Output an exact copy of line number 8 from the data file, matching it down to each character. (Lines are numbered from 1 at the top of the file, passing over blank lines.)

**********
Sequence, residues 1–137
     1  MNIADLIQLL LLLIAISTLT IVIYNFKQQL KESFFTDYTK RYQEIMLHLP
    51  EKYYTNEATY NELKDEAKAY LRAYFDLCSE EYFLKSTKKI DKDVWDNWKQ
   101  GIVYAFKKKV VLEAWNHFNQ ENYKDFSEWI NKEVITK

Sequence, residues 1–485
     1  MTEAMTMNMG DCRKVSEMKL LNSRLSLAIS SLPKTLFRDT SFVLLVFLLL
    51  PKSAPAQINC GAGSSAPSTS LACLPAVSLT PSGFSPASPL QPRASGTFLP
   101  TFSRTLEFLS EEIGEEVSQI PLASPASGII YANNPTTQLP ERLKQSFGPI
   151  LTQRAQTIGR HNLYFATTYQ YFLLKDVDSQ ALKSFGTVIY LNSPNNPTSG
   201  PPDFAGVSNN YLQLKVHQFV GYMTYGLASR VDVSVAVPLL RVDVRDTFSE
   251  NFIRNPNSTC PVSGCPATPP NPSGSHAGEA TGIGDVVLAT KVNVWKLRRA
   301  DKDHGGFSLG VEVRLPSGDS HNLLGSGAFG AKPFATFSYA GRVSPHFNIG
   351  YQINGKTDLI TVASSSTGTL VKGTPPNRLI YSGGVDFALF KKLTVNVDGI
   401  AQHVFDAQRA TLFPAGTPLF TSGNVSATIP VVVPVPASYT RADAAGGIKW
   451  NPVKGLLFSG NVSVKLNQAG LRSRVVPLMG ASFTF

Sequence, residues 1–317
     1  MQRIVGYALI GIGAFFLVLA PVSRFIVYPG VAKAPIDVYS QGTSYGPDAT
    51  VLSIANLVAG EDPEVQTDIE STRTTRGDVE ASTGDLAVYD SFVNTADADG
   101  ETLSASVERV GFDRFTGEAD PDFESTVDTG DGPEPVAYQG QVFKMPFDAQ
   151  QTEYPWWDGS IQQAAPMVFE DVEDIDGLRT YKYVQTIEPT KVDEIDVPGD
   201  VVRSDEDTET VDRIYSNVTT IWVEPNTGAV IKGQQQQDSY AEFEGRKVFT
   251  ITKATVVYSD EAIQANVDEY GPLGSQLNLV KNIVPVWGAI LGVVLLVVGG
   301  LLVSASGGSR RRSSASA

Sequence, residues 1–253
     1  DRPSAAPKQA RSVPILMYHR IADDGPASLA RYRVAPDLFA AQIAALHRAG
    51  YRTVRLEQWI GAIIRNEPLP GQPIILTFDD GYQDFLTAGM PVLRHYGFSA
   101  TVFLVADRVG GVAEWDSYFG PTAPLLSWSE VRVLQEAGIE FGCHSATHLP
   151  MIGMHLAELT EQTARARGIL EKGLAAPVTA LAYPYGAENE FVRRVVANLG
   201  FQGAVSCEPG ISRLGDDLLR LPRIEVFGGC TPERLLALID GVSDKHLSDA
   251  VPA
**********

   101  TFSRTLEFLS EEIGEEVSQI PLASPASGII YANNPTTQLP ERLKQSFGPI